Clipped from: https://www.thehindubusinessline.com
The Supreme Court, on Friday, asked the Finance Ministry and the Reserve Bank of India to hold a meeting within three days to decide on the waiver of interest for deferred payments of instalments for loans during the moratorium period announced in wake of the coronavirus-induced lockdown.
The court was hearing a plea filed by a Agra resident on the issue. A bench of Justices Ashok Bhushan, SK Kaul and MR Shah said the question is not of waiver of complete interest for the entire moratorium period, but is limited only to interest charged on interest by banks.
It posted the matter for further hearing next week. During the hearing, the Bench said that it is trying to take a balanced view of the matter, and only wants that wider measures should be adopted. Solicitor General Tushar Mehta, appearing for the Centre, said that he had sought a meeting with the RBI.
The Bench said that if the RBI reply “goes much beyond the query posed by us, there will be a lot of opinions on it”.
Our query is very limited on whether there can be waiver of interest on interest, it said. It asked the Centre to file an affidavit after holding the meeting with the RBI on the decision taken. The Bench was hearing a plea filed by Gajendra Sharma, in which he has sought a direction to declare the portion of the RBI’s March 27 notification “as ultra vires to the extent it charges interest on the loan amount during the moratorium period, which creates hardship to the petitioner being borrower and creates hindrance and obstruction in ‘right to life’ guaranteed by Article 21 of the Constitution of India”.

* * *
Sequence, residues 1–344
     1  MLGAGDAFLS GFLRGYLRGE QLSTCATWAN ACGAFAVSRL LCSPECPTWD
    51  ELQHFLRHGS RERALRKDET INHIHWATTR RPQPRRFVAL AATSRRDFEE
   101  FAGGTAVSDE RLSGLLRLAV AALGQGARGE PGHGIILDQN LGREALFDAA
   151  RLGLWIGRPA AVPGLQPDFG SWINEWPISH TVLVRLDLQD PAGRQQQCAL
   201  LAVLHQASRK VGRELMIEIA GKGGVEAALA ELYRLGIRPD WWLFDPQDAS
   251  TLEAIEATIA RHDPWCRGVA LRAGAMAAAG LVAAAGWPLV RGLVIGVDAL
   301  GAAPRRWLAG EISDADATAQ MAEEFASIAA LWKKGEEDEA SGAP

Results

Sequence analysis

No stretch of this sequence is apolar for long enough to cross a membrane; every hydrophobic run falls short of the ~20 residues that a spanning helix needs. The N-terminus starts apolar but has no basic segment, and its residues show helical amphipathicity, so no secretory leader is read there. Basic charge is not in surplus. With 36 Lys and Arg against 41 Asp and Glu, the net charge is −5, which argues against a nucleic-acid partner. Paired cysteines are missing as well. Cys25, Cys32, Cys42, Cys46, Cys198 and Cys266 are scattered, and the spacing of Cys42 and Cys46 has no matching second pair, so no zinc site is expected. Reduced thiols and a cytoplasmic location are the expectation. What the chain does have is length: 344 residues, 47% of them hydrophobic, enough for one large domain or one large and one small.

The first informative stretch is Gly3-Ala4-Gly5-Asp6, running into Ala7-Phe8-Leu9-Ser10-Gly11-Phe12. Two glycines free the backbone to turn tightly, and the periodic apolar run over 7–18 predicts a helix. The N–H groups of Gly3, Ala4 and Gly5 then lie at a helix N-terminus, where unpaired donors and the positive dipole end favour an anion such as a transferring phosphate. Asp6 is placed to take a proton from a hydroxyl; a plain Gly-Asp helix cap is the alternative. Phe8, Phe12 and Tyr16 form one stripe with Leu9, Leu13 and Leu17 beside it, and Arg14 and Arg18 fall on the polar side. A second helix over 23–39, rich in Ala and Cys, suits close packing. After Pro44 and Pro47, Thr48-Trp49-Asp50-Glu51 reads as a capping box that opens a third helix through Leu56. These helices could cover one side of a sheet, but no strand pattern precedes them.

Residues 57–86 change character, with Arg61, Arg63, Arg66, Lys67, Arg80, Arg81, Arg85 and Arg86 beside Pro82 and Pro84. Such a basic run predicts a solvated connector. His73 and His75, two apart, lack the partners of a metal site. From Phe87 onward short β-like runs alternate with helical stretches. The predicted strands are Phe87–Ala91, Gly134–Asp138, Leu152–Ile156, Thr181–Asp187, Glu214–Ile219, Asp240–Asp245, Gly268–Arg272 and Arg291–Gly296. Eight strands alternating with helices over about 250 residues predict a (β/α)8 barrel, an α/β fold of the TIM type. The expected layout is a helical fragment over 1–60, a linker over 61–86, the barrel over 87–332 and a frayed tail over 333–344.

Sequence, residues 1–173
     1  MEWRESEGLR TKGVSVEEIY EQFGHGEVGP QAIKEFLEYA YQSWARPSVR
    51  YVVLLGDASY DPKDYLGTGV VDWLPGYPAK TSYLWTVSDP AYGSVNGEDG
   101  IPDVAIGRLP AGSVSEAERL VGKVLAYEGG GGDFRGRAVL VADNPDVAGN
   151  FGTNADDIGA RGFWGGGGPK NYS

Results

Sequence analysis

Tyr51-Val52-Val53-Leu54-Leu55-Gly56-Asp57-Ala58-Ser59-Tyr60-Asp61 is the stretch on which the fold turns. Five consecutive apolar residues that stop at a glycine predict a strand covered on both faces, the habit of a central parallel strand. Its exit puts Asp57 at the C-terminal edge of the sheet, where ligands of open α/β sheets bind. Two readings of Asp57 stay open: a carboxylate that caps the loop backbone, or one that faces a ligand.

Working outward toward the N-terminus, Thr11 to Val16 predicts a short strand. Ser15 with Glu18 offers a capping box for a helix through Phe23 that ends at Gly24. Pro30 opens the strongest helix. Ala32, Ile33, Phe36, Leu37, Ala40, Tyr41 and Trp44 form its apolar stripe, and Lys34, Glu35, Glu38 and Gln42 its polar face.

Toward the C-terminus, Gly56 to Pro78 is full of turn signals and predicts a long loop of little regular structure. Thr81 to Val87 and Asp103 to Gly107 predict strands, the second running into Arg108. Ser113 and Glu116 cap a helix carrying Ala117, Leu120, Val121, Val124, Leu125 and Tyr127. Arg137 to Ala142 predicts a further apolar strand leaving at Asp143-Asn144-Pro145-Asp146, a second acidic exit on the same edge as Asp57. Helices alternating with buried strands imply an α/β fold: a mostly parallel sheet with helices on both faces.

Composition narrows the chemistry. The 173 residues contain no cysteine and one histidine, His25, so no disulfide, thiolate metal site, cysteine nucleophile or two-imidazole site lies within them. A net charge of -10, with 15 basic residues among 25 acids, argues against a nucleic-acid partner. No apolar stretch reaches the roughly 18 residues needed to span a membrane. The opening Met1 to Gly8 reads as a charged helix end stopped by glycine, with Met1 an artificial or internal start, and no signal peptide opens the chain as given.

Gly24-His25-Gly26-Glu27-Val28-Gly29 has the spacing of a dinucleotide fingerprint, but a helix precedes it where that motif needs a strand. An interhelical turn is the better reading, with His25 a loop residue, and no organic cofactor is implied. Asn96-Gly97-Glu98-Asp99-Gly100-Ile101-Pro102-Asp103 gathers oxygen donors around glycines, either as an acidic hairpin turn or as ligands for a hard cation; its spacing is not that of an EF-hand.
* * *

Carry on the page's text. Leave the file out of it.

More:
Sharma has also sought a direction to the government and the Reserve Bank of India (RBI) to provide relief in repayment of loan by not charging interest during the moratorium period.
Seeks FinMin reply
On June 4, the top court had sought the Finance Ministry’s reply on waiver of interest on loans during the moratorium period after the RBI said it would not be prudent to go for a forced waiver of interest, risking the financial viability of the banks.
The top court had said there are two aspects under consideration in this matter – no interest payment on loans during the moratorium period and no interest to be charged on interest.
It had said that these are challenging times and it is a serious issue as on one hand moratorium is granted and on other interest is charged on loans.
On May 26, the top court had asked the Centre and the RBI to respond to the plea challenging levy of interest on loans during the moratorium period.
The RBI, in its reply, has told the top court that it is taking all possible measures to provide relief with regard to debt repayments on account of the fallout of Covid-19, but it does not consider it prudent to go for a forced waiver of interest, risking the financial viability of the banks it is mandated to regulate, and putting the interests of the depositors in jeopardy .Published on June 12, 2020